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Governor LePage Responds to Democrats 11th Hour Proposal to Pay Maine’s Hospitals
March 11, 2013
For Immediate Release: Monday, Mar. 11
Contact: Adrienne Bennett, Press Secretary (207) 287-2531
AUGUSTA – Governor Paul R. LePage responded today to the Democrats’ 11th-hour proposal to tie $484 million in hospital debt to greatly expand Medicaid coverage and force health care facilities to change the way they do business.
After stalling for weeks, the Democrats finally revealed their “plan” to repay the hospitals this morning at 9:30 a.m., just 30 minutes before the Governor was scheduled to testify before the before the Joint Standing Committee on Veterans and Legal Affairs on his bill to pay the hospitals.
The Governor’s bill, LD 239 An Act to Improve the Return to the State on the Sale of Spirits and To Provide a Source of Payment for Maine’s Hospitals, lays out a detailed plan to repay the hospitals $484 million in debt owed to them since 2009 by restructuring the state’s liquor contract and recapturing millions of dollars that now flow to an out-of-state company. Under the Governor’s plan, the hospitals could be paid by June 1.
In addition, the Governor’s plan would advance $105 million in bonds, releasing funding for a variety of projects across Maine. His comprehensive plan would inject nearly $700 million into Maine’s economy, creating health care and construction jobs, investing millions to pay for clean water and transportation projects and setting aside money for the state’s depleted rainy day fund.
The Democrats plan would extend the state’s bad deal on the liquor contract, requiring a one-time upfront payment to pay off the hospitals and giving an out-of-state company millions in profits that should go to Maine.
“This is the same type of plan they used 10 years ago to fill a one-time budget hole,” the Governor said. “That fire sale of a deal allowed an out-of-state company to make millions, while Maine state government lost revenue, retailers lost sales to New Hampshire and our consumers lost the opportunity for more competitive prices.”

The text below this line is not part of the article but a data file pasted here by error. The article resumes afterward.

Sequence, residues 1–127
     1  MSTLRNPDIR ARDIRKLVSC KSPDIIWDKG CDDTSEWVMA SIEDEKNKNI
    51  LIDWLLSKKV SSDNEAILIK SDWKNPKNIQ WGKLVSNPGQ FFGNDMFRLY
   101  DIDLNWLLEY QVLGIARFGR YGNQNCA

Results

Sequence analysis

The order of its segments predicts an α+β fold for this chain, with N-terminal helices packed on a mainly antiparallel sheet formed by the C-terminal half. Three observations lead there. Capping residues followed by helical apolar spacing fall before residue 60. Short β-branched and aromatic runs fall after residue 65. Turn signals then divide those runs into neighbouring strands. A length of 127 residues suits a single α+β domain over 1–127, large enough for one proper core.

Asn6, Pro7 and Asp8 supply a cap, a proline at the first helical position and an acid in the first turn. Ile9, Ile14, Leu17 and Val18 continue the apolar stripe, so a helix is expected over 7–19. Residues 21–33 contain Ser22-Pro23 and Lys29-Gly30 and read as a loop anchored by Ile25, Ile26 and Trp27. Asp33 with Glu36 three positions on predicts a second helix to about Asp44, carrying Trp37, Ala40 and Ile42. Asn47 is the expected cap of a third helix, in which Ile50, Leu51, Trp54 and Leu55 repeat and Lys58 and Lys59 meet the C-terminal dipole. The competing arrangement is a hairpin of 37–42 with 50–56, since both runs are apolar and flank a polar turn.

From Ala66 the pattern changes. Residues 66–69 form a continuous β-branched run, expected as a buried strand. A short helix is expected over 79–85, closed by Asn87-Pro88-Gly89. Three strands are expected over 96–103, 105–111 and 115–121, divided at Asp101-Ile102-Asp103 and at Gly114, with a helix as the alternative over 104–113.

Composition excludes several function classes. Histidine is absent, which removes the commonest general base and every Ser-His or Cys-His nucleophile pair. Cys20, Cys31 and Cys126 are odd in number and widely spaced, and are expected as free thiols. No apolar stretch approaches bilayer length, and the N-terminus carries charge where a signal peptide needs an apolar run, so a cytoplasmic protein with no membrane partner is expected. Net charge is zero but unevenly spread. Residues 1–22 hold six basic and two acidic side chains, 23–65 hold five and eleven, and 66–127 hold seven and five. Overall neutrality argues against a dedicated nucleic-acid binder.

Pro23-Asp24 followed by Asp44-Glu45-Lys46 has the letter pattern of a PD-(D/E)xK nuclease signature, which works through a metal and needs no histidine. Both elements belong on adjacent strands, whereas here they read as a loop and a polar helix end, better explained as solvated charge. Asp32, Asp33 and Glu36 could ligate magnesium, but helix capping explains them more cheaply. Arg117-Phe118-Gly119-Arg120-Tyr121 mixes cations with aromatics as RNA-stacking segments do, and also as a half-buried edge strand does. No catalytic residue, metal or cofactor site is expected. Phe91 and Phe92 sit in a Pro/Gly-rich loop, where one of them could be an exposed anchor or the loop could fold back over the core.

Requiring the upfront payment of $200 million inhibits competition by limiting bidders to those who can afford to finance such a large amount. Such a massive payment to the state would require financing from somewhere—probably a Wall Street firm.
Even worse, the higher interest payments and taxes for this kind of private-sector financing, which amounts to millions of dollars, would be borne by Maine’s taxpayers. The Governor’s plan would use a low-interest bond funded by proceeds from the liquor contract, which would provide a more lucrative return for Mainers.
The Governor’s plan is the result of more than three months of planning, research and detailed analysis.
“The Democrats’ plan consists of three talking points, and it promises more years of political rhetoric,” the Governor said. “Their plan is yet another tactic designed to distract attention from the real issue. Our hospitals need to be paid, and our state deserves to recapture millions of dollars from a better liquor contract. Anything else is just political posturing.”
The Governor said he is focused on paying the hospitals, not tying together unrelated issues.
“The Medicaid expansion is a totally separate issue,” he said. “We need to pay our past debts. The minute we pay the hospitals, we’ll talk about Medicaid expansion. But I won’t negotiate the details of Medicaid expansion in the press. How can we talk about expansion when we haven’t paid our bills yet? That’s how we racked up these unpaid Medicaid bills to hospitals in the first place.”